A professor with a history of challenging Kansas University administrators on campus and in court had another showdown with school officials Thursday.
The confrontation came minutes before Professor Ray Pierotti's 11 a.m. Principles of Ecology class when an associate dean and an associate department chairman walked in to see who would be teaching the class.
Pierotti's wife, former professor Cynthia Annett, had been teaching the course while her husband underwent and recovered from eye surgery.
Annett and Pierotti both said she taught the same course in the same classroom before leaving the university in 1999 after she was denied tenure in 1998.
Annett's denial of tenure was part of a lawsuit the couple brought against the university. In March, a federal jury rejected Annett's claims of sexual discrimination as the basis of her denial of tenure. The jury also rejected claims by her husband that he was a victim of retaliation for speaking out against changes in the graduate program in biology.
"During the three weeks I was out last year for the trial, I had different people come in and teach my classes," Pierotti said. "Nobody said a thing. Not a word."
Officials didn't say much Thursday, either.
Minutes before the class in Haworth Hall began Robert Weaver, associate dean of sciences for the College of Liberal Arts and Sciences, and E.O. Wiley, associate chair of the Department of Ecology and Evolutionary Biology, approached Pierotti.
"Is he here to lecture?" said Pierotti, who was wearing a black patch over his right eye following recent surgery.
"I'm not here to lecture," Wiley said.
"If we might get a copy of your syllabus ..." Weaver said.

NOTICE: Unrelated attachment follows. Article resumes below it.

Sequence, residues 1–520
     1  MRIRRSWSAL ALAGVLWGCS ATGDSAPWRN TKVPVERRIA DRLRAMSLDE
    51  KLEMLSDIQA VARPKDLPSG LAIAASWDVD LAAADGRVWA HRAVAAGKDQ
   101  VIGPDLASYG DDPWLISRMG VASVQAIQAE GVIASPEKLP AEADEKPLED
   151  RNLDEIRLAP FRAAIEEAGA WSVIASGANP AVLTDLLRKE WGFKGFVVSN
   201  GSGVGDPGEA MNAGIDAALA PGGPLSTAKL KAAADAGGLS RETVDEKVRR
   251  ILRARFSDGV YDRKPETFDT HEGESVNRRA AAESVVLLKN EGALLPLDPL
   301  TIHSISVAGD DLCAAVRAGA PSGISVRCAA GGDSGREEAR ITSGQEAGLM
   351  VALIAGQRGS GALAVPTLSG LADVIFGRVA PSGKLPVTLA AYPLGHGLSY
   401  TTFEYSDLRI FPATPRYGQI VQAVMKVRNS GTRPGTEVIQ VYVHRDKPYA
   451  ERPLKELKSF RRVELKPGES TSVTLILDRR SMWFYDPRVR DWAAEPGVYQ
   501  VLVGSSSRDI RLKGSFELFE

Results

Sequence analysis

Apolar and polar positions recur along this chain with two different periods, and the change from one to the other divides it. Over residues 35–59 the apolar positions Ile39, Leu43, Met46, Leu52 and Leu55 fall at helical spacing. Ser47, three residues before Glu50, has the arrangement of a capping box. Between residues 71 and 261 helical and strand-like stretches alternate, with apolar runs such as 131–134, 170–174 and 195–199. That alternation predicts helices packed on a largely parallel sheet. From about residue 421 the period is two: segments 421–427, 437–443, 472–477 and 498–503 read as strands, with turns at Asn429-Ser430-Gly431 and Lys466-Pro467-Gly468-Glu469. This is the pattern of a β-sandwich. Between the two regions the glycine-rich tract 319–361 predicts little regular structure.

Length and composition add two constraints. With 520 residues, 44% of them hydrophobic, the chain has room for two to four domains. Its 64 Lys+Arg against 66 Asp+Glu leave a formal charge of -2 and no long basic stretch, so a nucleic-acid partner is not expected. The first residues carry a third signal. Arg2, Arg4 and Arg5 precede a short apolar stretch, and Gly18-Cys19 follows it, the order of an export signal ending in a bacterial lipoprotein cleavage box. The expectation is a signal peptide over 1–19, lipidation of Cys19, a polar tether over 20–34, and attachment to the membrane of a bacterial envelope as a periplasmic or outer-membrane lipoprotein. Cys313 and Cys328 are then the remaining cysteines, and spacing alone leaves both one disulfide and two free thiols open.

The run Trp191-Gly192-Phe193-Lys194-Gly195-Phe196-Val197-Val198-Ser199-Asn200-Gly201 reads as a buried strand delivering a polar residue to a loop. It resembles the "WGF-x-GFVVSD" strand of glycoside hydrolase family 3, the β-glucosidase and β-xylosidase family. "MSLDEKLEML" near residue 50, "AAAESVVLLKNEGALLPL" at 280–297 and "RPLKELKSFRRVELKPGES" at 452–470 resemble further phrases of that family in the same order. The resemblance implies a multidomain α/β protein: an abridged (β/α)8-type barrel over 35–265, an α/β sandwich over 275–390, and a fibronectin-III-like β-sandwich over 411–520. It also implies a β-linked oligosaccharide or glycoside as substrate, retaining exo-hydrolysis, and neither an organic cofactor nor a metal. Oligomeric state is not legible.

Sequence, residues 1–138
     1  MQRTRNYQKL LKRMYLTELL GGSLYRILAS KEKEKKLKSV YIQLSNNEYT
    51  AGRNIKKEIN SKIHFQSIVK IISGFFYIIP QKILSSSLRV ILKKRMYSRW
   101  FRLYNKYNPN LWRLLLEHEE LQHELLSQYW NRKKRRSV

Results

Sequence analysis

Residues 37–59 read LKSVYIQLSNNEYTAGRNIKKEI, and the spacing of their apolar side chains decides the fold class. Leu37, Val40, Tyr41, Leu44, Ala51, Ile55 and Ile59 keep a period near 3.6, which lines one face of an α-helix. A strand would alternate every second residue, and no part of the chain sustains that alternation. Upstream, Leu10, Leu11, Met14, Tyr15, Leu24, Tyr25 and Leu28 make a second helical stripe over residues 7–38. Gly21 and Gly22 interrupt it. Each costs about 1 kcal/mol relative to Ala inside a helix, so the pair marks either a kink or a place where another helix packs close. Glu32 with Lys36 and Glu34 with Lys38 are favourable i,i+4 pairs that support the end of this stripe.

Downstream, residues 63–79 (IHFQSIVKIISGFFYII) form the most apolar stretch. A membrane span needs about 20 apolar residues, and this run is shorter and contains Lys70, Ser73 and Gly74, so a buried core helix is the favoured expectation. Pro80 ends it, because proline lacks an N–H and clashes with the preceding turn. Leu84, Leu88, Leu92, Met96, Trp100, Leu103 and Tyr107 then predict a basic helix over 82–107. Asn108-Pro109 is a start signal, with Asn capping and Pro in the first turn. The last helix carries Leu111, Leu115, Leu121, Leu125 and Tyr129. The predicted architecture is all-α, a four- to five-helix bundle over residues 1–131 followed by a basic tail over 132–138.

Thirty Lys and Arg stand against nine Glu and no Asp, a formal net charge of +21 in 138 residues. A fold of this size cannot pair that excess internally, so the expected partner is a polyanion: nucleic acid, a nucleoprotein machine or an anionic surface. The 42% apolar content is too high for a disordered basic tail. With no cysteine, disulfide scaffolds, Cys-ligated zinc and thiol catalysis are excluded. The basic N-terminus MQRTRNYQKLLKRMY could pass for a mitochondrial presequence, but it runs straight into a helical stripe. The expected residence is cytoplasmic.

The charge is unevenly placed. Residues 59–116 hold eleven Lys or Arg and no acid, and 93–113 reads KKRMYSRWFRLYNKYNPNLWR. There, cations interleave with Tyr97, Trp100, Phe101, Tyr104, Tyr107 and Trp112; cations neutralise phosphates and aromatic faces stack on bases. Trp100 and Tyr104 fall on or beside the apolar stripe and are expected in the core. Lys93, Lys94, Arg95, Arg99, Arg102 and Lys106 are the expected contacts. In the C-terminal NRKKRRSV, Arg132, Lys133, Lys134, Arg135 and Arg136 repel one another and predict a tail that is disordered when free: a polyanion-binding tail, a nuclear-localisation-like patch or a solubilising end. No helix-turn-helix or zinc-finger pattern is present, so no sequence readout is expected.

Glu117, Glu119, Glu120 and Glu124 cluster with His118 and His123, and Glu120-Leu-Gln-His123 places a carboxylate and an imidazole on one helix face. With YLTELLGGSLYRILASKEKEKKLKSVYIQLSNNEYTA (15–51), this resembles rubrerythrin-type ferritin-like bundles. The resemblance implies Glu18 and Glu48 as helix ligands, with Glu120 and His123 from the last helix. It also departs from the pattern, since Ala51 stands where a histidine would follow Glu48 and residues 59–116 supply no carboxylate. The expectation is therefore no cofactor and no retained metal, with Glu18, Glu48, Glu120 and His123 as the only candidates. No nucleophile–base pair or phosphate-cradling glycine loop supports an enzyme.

"Why?" Pierotti asked.
"You're supposed to be out on emergency medical leave," Weaver said.
"I keep things covered," Pierotti said. "If a student comes and complains then you can do something."
"We're concerned about your health," Weaver said.
"No, you're not. No, you're not," Pierotti said. "You're concerned about making issues of things."
Weaver and Wiley then left the lecture hall.
Pierotti had expected the officials to appear. He said Weaver called him Thursday morning and said he must have permission from the department for Annett to teach the class, if Pierotti was not there.
Pierotti said he had planned to be absent but came to class Thursday to ensure Annett could give the lecture. She already had covered four earlier sessions for him. He was present at three of them.
"It's not fair for students in a large class like this to have different people coming in all the time," Annett said.
Weaver declined comment on the matter. Wiley could not be reached for comment after the classroom encounter.
"Because this is a personnel matter, we're bound by policy. We cannot comment," said Todd Cohen, associate director of university relations.
Cohen did point to a policy in the faculty handbook which states a faculty member, unable to meet class, must submit plans for substitution to the departmental chair, who must approve those plans.
Pierotti said he did not do that. But he didn't do it when others covered for his absences during the trial. Officials didn't invoke the rule then, he said.
"All I've ever been told is 'make sure your classes are covered,'" Pierotti said. "That's what I've always done."
Pierotti said officials Thursday aimed to violate his academic freedom to invite guest lecturers.
"Telling me having Cynthia teach my class is wrong ... Dr. Wiley is not even in my field," Pierotti said.
Pierotti underwent surgery for a detached retina on Oct. 6. After an examination Monday, his doctor found a new tear in the retina and told him to have surgery Tuesday.
Thursday, Pierotti conducted class for 15 minutes before asking Annett to take over. He told the class he was feeling "woozy."
He left the room twice to speak to reporters in the hallway and then sat at the front of the room while Annett lectured.
Visibly sweating and lifting the black eye patch to show his blood-red eyeball which was surrounded by red and swollen skin, Pierotti said, "I didn't go through this to embarrass the university. I'd rather my eye was healthy."
Friends of Pierotti had alerted reporters there might be a confrontation.
Students said they didn't understand the confrontation or complaints about Annett.
"She's just as qualified to teach us as he is," said Sara Wunder, a junior in biology.